Modeling is a process that uses computers and math to estimate air pollution and associated human health exposures. Dispersion modeling is a type of modeling that estimates how air pollution will likely spread out over an area based on a variety of different factors.
Dispersion models such as AERMOD, can combine reported or measured air toxics emission rates from individual sources with local meteorological data and other facility information such as stack height and boundary to fenceline to estimate the ambient concentrations of each pollutant.
Photo of AERMOD View provided by Lakes Software.
Exposure models such as the human exposure model (HEM) or the hazardous air pollutant exposure model (HAPEM) can use these ambient air concentrations to predict potential human exposures. These models can give us information to assess potential risk for cancer and non-cancer health effects from air toxics.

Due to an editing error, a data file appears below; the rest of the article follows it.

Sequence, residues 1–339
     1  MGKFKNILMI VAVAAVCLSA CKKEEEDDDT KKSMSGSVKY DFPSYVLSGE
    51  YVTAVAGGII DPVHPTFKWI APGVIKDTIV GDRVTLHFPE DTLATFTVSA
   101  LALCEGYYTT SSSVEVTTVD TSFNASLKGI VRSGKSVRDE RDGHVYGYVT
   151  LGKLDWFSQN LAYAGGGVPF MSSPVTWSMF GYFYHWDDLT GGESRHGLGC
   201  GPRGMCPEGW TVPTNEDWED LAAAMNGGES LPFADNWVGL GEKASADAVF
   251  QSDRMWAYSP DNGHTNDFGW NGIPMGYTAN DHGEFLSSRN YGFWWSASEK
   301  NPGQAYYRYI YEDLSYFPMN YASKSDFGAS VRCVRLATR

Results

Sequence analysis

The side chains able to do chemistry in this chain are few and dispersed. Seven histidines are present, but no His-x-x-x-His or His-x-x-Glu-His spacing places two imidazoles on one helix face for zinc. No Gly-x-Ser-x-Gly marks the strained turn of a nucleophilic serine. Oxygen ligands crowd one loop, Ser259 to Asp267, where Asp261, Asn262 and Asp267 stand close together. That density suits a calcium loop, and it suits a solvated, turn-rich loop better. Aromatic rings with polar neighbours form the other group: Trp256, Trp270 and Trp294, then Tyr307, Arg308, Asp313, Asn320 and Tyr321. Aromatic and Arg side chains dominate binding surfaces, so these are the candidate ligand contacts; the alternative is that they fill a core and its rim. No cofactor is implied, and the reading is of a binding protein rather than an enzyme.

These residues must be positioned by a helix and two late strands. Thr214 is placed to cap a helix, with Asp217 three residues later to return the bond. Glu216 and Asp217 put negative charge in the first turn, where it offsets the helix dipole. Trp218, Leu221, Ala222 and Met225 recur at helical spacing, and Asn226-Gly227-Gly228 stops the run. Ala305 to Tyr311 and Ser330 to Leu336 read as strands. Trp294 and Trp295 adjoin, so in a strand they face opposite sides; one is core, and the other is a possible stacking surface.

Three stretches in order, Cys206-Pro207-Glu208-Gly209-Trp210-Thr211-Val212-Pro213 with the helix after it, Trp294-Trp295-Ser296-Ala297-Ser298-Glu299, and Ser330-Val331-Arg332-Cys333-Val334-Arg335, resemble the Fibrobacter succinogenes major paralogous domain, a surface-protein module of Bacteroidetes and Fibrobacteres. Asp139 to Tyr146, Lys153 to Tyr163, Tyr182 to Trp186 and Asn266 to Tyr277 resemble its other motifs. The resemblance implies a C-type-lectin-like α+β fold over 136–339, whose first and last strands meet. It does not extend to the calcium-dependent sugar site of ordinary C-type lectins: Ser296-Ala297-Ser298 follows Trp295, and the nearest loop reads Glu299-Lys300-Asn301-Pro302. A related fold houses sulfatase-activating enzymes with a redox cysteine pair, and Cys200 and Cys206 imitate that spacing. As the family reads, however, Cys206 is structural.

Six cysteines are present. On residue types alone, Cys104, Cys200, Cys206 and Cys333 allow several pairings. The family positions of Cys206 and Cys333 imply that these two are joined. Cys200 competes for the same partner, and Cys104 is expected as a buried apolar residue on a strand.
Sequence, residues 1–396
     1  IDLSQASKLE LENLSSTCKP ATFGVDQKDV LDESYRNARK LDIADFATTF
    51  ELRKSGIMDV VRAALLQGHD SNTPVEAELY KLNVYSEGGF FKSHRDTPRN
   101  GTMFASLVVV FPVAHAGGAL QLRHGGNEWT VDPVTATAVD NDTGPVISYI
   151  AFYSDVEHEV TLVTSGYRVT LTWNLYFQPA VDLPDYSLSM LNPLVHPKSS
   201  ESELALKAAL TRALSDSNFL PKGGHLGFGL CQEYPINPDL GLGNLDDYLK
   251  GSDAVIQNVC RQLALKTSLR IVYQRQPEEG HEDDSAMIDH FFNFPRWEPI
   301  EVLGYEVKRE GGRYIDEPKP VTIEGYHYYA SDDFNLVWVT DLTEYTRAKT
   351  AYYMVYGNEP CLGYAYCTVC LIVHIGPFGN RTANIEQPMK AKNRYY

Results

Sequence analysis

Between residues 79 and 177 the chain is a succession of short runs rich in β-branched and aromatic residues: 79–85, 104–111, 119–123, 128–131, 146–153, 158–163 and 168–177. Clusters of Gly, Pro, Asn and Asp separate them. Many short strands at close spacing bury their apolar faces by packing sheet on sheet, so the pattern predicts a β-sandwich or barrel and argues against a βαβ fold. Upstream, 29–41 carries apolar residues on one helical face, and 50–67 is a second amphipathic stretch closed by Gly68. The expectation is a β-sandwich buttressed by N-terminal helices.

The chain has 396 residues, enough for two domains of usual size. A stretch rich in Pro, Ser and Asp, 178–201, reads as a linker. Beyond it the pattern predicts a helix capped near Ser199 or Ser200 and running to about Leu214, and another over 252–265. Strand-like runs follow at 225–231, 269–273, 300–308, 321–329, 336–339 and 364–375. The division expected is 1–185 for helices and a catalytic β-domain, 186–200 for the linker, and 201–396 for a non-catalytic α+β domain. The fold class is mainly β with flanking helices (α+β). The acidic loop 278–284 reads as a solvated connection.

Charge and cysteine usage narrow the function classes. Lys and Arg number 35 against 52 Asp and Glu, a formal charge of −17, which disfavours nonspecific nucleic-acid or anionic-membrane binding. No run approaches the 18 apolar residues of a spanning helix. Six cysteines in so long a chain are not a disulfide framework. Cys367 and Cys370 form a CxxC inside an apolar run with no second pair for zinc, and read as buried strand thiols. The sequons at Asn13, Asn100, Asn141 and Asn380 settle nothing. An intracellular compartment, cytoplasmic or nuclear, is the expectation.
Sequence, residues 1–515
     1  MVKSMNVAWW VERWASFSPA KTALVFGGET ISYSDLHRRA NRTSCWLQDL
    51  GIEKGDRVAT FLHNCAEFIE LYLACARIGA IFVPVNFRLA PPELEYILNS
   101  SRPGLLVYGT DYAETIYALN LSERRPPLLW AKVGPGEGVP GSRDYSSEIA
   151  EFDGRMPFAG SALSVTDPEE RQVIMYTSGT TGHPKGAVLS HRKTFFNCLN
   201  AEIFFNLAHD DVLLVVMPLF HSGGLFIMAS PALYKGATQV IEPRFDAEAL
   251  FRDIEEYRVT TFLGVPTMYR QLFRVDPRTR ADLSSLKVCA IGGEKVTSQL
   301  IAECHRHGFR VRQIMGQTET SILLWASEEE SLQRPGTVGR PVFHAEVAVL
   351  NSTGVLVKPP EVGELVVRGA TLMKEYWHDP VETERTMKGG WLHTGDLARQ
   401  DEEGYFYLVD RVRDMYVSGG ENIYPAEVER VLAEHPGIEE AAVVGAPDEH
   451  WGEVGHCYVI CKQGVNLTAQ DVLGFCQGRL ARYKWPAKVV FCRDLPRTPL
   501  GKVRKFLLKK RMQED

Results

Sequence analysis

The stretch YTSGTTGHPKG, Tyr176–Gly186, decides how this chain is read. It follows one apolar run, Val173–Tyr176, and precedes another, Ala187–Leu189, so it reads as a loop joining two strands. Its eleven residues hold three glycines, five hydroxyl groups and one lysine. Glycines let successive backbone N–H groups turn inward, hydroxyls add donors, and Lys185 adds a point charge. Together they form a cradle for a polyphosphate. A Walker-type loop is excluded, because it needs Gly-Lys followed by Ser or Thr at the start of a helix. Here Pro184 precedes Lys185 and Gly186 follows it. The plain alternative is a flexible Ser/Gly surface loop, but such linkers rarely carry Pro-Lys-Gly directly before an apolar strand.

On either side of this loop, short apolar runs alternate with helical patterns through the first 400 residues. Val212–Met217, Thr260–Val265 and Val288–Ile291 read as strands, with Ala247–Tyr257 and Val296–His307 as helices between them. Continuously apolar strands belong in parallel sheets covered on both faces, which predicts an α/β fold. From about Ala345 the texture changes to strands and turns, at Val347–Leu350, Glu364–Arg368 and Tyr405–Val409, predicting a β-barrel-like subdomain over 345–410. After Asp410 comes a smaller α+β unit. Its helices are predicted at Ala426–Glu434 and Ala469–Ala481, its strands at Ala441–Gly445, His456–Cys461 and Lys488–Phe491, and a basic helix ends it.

By applying the HAPEM model to nationally available emission and meteorological datasets, the EPA has developed a national screening tool called AirToxScreen to characterize health risks from over 100 different air toxics across the country. Colorado Department of Public Health and Environment uses AirToxScreen results to prioritize places for more detailed follow-up investigations. This follow-up work may include site- or community-specific studies. For example, in 2018 AirToxScreen showed elevated health risks from ethylene oxide emissions at a commercial sterilizer in Lakewood, Colorado and the department initiated more detailed investigations.
EPA applies the HEM model during a part of the rulemaking processes for the National Emission Standards for Hazardous Air Pollutants (NESHAP). HEM estimates potential health risks for cancer and non-cancer health effects on communities in close proximity to specific facilities subject to the regulations. These estimated risks inform decisions about what types of air pollution control strategies may be required.